Then Subway went on the offensive, claiming that a footlong sub wasn’t necessarily meant to be exactly a foot long in the first place.

“With regards to the size of the bread and calling it a footlong, <<SUBWAY FOOTLONG>> is a registered trademark as a descriptive name for the sub sold in Subway® Restaurants and not intended to be a measurement of length.”

“The length of the bread baked in the restaurant cannot be assured each and every time as the proofing process may vary slightly each time in the restaurant.”

Subway have since removed the statement but, as Buzzfeed pointed out, this was at odds with previous Subway advertising.

The company has suggested in past promotional material that the footlong sub will measure a foot in length, such as a popular 2008 “Hula” advert.

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Katie Holmes has cottoned onto the craze, jumping on the same bandwagon as Jessica Alba and Jay-Z, and even Rihanna who sampled the London Underground.

Katie Holmes was seen riding the New York subway on Wednesday, going incognito with her hair scraped back into a ponytail, opting to go make-up free beneath large sunglasses.

She also seemed to be prepping for winter, wearing a knitted cream sweater and dark blue jeans, carrying an oversized leather bag and the signature pose of a commuter – keeping her head buried

Using public transport is a stark change from her former life as a Cruise, when she relied not only on chauffeur-driven cars, but also on exclusive A-list travel methods of helicopter ferrying.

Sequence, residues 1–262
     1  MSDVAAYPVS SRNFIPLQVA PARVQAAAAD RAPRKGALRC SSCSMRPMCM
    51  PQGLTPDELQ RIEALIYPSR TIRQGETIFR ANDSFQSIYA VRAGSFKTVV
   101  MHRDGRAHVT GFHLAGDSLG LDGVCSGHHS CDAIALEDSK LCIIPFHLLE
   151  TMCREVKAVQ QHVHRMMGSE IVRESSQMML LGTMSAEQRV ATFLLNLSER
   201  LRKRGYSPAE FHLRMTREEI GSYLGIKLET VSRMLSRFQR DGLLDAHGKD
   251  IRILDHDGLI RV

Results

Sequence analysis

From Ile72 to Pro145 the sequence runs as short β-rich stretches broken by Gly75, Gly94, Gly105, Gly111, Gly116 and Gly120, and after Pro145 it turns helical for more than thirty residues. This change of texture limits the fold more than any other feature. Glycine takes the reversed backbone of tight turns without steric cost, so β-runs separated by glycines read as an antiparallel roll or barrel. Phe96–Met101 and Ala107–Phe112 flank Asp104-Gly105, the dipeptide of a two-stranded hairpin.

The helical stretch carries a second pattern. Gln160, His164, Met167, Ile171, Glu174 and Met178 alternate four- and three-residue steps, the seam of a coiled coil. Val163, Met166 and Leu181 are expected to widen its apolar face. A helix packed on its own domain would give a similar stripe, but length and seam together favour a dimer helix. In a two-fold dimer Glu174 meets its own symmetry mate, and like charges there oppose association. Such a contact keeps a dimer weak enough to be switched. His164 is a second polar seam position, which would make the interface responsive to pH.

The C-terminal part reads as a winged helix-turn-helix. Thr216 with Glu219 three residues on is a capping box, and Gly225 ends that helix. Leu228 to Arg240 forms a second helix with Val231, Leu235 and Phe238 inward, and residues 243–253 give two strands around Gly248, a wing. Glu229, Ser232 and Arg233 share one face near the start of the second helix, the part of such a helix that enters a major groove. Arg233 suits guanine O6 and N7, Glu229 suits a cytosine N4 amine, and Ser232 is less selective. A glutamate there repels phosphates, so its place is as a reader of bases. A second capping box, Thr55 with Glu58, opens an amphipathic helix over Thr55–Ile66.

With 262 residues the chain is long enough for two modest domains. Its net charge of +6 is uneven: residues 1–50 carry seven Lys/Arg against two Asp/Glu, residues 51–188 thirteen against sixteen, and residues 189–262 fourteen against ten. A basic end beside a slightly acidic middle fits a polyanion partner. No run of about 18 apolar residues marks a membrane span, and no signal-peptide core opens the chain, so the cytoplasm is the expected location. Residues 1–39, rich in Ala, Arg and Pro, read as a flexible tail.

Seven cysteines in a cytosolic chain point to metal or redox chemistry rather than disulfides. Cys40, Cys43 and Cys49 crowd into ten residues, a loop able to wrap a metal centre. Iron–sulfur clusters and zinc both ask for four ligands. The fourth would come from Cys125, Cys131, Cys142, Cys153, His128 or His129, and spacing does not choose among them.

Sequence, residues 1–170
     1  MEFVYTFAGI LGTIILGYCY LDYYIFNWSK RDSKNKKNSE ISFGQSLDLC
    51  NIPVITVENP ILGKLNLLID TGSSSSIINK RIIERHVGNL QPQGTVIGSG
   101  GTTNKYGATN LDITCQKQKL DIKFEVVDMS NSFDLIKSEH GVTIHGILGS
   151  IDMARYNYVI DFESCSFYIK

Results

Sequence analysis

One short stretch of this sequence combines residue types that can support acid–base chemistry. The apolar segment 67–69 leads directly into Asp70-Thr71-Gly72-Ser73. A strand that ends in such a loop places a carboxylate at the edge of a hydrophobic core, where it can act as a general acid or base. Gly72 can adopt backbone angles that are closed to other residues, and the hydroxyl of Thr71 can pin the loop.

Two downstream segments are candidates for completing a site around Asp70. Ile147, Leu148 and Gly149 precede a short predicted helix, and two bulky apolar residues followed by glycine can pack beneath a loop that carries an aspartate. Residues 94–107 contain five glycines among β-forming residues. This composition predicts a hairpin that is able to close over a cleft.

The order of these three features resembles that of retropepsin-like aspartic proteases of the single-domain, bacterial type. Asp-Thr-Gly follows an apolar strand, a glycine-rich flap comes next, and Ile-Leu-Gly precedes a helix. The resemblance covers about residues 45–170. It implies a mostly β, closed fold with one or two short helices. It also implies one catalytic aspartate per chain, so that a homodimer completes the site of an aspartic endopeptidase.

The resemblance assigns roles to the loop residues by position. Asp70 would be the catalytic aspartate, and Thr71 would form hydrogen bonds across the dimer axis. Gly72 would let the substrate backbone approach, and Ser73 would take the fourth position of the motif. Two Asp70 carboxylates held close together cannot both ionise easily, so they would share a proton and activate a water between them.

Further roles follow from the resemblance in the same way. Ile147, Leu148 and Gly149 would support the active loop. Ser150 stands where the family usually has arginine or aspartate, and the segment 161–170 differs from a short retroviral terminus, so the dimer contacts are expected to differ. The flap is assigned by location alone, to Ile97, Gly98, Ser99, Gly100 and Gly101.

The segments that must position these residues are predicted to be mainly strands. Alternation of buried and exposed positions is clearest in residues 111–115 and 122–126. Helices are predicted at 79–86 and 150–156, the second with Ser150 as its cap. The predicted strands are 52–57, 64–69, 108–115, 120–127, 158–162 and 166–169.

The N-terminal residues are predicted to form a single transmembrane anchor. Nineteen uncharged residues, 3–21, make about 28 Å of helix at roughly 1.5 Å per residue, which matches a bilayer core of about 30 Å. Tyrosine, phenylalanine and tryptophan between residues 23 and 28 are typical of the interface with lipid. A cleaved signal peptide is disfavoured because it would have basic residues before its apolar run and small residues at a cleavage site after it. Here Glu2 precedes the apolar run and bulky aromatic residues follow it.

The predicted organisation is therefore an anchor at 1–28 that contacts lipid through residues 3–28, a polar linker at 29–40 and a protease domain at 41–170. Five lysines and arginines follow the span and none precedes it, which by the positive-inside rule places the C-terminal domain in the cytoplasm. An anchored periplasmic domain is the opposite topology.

Katie Holmes rides the subway

Katie Holmes rides the subway

It’s almost as if Katie Holmes’ ride on the subway was a metaphorical two fingers up at ex-husband Tom Cruise.

On Tuesday, Katie Holmes was seen with daughter Suri, arriving home from school by foot instead of a lift from a personal driver.

The six-year-old started at the elite Avenues school in New York last month.



Paul Browne, a man who was suspected of groping a teenage girl and another woman in a subway station was shot in buttocks by an off-duty officer on the train platform when he tried to run away.

The incident happened in Harlem, New York, at the 125th Street station in front of dozens of horrified passengers.

According to police, the mother of a teenage girl yelled for officers at about 12:30 p.m. in the station.

The off-duty transit officer, who happened to be nearby, came to the woman’s aid.

Another woman also told the officer she was groped by the same man, nbcnewyork.com reports.

The mother called 911 from a pay phone inside the train station after the officer told her to call for backup.

There were shouts of “police – get down” before one shot was fired, witnesses said.

Paul Browne was hit once in the buttocks and was in a stable condition in hospital Friday afternoon.

Witness Orbit Clanton said: “He had the suspect face down, facing north. And when the trains entered the station, what happened was the suspect tried in an aggressive move to get up.”

Police said that in the preliminary stages of their investigation it was unclear whether the officer fired the gun or if it went off in the struggle with the suspect.

A knife was found on the tracks nearby but it was not clear whether the knife was part of the interaction between the officer and Paul Browne, the department’s chief spokesman, said.

The incident resulted in delays on four subway lines afterwards.

There were residual subway delays Friday evening along the A, B, C and D lines.